he weeks leading up to Christmas and
Hogmanay are undoubtedly some of the busiest of the year. Office parties, as well as family gatherings, do their very best to get you into the spirit of the season.
A few years ago, a survey conducted by Office Angels revealed that about 40% see the office get-together as an opportunity to network with senior management and raise their profile. A majority, however, actually dread the event. Come on, lighten up.
These groups of employees. wondering if their Christmas dinner will be the full extent of any year-end bonus, pose one of the biggest challenges to the restauranteur and staff. Nick Nairn has called them ‘beasts full of inertia’. David Ramsden, owner of Rogue restaurant in Edinburgh, has other choice words but acknowledges that a table of twenty must receive the same care and attention that a party of four gets.
To ensure all have an enjoyable experience. here are a few timely ‘dos and donts’ for the office meal out:
1) Don’t blow it out without a good excuse. Not going to the office party might be interpreted as a sign of disloyalty. But maybe that’s your point.
2) Do check in advance whether the company
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One solution to the ‘beasts full of inertia’
is covering drinks as well as the meal. Plan accordingly. The last thing you want to discover is that you’ve driven the motor to an event from which you’re sure to stagger away.
3) Don’t forget that the handbook of modern management means senior staff are watching
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you like Big Brother, waiting for you to embarrass yourself by guzzling three Bacardi Breezers simultaneously. They may not know your name but they may remember your face. Play it safe: don’t do Breezers.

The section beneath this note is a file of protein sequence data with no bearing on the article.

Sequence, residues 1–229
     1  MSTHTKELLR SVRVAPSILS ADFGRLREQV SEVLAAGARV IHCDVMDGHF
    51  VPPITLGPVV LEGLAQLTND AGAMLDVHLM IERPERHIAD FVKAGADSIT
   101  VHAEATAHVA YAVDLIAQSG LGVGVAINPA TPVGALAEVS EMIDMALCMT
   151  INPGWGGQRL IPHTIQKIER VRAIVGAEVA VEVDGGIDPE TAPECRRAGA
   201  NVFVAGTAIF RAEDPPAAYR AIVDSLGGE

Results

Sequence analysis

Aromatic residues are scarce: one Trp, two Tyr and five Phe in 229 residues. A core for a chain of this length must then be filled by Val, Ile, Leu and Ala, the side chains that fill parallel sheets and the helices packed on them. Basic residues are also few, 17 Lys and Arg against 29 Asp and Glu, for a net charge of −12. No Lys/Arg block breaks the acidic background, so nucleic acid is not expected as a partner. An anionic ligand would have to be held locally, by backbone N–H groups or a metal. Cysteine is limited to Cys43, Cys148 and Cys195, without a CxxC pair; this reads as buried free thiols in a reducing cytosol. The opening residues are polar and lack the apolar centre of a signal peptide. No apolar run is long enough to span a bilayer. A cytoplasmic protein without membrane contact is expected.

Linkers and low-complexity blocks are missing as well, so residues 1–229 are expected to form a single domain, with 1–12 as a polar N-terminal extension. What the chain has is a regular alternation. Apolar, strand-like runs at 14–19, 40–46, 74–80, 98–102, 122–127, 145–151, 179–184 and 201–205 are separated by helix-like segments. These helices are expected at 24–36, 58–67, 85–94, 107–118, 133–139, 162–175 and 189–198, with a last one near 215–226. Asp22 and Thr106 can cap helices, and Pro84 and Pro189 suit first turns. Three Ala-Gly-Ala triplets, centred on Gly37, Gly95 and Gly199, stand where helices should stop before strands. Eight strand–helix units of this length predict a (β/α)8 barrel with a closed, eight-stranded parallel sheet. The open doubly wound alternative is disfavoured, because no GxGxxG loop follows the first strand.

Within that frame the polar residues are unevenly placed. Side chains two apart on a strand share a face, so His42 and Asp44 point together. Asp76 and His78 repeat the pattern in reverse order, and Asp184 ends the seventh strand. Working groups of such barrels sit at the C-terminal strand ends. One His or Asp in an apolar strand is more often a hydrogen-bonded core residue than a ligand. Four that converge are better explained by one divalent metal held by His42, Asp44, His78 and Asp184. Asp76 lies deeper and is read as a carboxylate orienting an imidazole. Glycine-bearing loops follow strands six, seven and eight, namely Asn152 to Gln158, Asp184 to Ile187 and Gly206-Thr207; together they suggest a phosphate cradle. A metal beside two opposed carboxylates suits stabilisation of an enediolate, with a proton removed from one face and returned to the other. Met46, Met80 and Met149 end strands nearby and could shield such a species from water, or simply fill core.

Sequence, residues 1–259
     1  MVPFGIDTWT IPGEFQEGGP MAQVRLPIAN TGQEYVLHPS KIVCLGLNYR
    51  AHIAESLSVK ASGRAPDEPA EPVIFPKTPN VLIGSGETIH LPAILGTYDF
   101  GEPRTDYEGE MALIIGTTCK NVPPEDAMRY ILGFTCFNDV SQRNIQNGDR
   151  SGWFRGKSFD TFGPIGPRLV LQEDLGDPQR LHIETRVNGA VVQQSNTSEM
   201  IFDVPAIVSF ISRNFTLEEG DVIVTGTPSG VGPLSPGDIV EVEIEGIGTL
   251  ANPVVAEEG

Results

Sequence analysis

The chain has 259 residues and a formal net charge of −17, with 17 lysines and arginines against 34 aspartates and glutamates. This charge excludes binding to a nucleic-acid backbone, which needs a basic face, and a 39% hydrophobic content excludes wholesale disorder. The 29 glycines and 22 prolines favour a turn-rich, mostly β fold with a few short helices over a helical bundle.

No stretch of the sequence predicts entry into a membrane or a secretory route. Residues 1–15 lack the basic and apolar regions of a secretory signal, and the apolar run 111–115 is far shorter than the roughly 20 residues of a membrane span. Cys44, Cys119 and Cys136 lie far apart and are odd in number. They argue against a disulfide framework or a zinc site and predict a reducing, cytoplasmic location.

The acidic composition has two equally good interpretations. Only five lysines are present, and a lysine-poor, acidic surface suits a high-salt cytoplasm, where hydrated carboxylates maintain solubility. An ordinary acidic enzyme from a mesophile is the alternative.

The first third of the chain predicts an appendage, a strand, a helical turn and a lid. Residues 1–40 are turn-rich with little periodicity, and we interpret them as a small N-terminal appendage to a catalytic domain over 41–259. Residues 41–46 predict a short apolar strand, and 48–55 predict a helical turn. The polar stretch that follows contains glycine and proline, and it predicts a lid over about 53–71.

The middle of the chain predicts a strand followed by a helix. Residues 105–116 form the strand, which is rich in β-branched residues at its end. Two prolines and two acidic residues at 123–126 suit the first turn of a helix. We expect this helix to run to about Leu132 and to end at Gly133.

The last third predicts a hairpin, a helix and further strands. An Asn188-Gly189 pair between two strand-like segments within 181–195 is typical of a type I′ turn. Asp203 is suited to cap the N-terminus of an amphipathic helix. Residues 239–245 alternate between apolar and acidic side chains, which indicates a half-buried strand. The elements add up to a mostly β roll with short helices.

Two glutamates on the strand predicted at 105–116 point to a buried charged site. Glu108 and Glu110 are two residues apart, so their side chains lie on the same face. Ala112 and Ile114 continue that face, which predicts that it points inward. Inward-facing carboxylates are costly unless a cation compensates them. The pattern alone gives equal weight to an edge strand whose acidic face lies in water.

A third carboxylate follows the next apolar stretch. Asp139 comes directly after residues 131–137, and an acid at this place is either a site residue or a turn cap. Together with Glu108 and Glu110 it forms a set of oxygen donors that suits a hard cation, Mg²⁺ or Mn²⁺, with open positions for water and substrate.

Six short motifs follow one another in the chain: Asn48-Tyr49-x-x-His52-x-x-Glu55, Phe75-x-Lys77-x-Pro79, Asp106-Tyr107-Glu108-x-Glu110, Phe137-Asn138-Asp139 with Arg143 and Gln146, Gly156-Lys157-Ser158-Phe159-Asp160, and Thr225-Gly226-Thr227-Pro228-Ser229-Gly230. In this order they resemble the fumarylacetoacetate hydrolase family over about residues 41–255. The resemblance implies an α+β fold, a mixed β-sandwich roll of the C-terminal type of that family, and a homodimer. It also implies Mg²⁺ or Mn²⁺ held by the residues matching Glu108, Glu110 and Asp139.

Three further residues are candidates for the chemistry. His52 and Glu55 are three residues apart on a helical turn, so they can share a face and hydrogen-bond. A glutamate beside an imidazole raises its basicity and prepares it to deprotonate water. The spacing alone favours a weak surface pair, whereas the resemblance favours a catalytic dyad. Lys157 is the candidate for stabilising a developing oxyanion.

4) Do give the boss your undivided attention during his first toast. Cheer heartily at its conclusion.
5) Don’t heckle or snigger. At some point take him or her aside. offering your profuse thanks and unending gratitude. Avoid mentioning money. Remember: decisions about year-end bonus may still yet be made.
7) Do watch what you wear. As one agony aunt puts it: ‘Ensure you look ready to party; but not tarty.’
8) Don’t pull just anyone. Be selective and seduce a superior — or at least an equal. Otherwise you’ll run the risk of sexual harassment allegations. Some say office hanky panky is history. Our experience differs.
9) Do hang on for as long as you possibly can. There’s nothing worse than finding out you’ve missed the fisticuffs in the foyer.
10) Don’t be the last one to leave. It only reinforces your loner status among your peers. Judge the situation, anticipate momentum and ease yourself away before the mad dash to escape.
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